Donald Kershaw died on December 21st 2016 at the age of 88 following a brief stay in hospital. He had not been well for some time and suffered from chronic obstructive pulmonary disease. Has mathematical speciality was numerical analysis.
Donald was born in Dewsbury where he attended Wheelwright Grammar School whose alumni, remarkably, also include two other eminent mathematicians: Leslie Fox, who was Professor and founder of the computer laboratory at Oxford, and Tom Kilburn, Professor and head of the School of Computer Science at Manchester. Donald obtained his first degree at University College Hull, his studies being interrupted by travel to Switzerland for treatment for tuberculosis, and a PhD from the University of Edinburgh.
In July 1955 Donald joined Vickers-Armstrong (Aircraft) in Weybridge, where he worked on solving problems relating to aircraft design and operation. His interest in mathematics was sparked by his training as a navigator in the ATC. If the war hadn't ended when it did he said he would have joined the RAF. Donald gives a fascinating account of those early days of computing in the Bulletin of the Computer Conservation Society.
In 1957 Donald moved to the mathematics group of the Admiralty Research Laboratory, headed by Steven Vajda, who later became Professor of Operational Research at Birmingham University. The atmosphere at ARL was more of a research institute and it was there that he was introduced to numerical analysis in which he was later to make his academic reputation with contributions to the theory of QD algorithms, linear algebra, special function theory, approximation theory, splines, quadrature, and integral equations and their applications. It was also there that he published in a laboratory report a solution to an integral equation which was later rediscovered and applied to computerised tomography.
In 1964 Donald joined the Computer Unit at Edinburgh University, which had been set up the previous year by Sidney Michaelson, to lecture in numerical analysis. After establishing a strong publication record he moved in 1971 to a readership at Lancaster University, to strengthen a growing and influential numerical analysis group with professors Charles Clenshaw and Alan Talbot and senior lecturer John Gilbert.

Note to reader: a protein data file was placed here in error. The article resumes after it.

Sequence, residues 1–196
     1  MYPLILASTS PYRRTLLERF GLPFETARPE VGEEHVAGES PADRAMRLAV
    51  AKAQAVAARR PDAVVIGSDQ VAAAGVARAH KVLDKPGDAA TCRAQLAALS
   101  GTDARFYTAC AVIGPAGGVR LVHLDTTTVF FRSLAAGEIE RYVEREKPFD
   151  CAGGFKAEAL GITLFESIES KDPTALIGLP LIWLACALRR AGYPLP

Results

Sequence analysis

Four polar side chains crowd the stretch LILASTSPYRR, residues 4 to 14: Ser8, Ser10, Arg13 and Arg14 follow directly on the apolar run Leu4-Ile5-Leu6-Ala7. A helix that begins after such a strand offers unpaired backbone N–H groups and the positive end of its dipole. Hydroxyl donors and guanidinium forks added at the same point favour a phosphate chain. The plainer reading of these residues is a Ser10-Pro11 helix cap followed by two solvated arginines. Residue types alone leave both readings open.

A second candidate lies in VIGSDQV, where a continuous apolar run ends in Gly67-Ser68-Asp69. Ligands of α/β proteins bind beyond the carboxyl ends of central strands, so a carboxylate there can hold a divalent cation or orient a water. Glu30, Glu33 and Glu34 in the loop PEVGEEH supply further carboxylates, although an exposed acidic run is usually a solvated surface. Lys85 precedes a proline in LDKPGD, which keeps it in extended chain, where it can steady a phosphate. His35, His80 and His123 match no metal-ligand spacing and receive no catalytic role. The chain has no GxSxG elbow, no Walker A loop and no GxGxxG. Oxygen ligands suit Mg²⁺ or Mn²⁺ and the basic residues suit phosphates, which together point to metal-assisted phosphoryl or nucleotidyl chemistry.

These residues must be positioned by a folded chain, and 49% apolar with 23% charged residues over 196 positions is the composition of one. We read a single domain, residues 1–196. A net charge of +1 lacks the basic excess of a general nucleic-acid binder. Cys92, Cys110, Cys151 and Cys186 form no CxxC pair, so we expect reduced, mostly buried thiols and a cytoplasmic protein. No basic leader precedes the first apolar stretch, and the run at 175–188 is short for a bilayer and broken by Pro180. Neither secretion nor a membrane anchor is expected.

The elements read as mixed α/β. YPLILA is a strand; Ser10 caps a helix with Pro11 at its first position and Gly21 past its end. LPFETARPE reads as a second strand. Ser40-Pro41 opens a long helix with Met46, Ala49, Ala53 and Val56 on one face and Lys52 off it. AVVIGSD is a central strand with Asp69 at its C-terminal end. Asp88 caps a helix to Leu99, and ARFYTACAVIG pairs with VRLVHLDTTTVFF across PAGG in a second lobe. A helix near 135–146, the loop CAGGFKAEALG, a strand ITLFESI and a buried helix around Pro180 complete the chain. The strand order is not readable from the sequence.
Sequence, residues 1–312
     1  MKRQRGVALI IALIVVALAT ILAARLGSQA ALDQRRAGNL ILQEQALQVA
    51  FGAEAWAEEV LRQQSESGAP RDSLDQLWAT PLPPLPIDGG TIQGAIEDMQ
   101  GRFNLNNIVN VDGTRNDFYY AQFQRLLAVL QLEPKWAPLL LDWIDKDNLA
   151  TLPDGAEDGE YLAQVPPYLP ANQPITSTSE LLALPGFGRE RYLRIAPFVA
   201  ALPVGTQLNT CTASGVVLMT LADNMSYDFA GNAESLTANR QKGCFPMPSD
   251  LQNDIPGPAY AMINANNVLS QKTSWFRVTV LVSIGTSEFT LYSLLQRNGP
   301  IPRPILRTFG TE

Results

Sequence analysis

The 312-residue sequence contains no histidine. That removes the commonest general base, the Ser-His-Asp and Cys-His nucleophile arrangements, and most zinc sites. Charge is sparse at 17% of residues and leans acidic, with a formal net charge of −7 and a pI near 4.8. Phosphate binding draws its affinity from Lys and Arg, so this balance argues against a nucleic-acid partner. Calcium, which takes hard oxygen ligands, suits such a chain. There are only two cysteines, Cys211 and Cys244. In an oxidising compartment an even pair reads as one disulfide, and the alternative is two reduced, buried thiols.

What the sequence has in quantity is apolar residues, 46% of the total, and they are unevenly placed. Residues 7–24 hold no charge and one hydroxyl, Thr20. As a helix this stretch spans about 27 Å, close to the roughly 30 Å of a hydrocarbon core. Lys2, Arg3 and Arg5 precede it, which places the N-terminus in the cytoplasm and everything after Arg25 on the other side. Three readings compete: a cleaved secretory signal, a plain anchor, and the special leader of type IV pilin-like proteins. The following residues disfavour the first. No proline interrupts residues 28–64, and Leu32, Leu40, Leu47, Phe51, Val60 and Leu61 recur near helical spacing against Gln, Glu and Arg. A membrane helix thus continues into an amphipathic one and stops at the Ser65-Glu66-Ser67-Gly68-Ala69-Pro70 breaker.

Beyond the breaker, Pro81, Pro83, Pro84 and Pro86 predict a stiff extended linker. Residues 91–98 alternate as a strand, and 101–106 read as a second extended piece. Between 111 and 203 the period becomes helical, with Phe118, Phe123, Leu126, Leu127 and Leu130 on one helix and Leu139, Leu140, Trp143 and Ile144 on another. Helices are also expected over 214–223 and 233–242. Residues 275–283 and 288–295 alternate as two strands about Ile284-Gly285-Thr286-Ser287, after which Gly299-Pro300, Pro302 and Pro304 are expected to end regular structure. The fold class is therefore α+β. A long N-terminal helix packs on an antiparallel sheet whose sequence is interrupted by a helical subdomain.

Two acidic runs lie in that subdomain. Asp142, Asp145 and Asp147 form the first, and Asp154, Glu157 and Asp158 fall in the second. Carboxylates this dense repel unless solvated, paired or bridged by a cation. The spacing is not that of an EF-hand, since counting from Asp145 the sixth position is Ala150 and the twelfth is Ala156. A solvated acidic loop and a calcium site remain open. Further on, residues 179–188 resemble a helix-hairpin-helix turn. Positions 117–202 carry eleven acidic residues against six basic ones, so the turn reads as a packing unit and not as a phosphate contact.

Donald’s academic activities are to be found in the records of numerous meetings he attended at Mathematisches Forschungsinstitut Oberwolfach, the London Mathematical Society Durham Symposia and SERC conferences at Lancaster University. These are liberally sprinkled with the names of many of the contemporary pioneers in the mathematical sciences and Donald's “mathematical descendants”. He is credited with influencing, in his choice of speciality, Will Light, a PhD alumnus and later Senior Lecturer at Lancaster who became professor at Leicester University.
Donald retired from Lancaster University in 1988 but continued with academic research and some lecturing, including teaching at graduate summer schools in Perugia where he enjoyed an enthusiastic reception by the students. Latterly he was guest of honour at the Leslie Fox Prize meeting at Edinburgh in 2013 and may be seen among prize winners in a photograph on the meeting web site.
A singularly able yet modest and unassuming mathematician, Donald was a steadfast friend and will be sadly missed. His love of mathematics dominated, and his rank as Reader at Lancaster University might be compared with a professorship that lacked administrative duties. His hobbies included campanology and woodwork and he had a love of music. He made various musical instruments including an Irish harp, a crumhorn, various dulcimers and flutes and he also made toys for his grandchildren including trucks, a rabbit hutch, a doll house, and a swing. He is survived by his wife Carol, his sons Samuel and Edward, and grandchildren Rebecca, Thomas, James and Harry.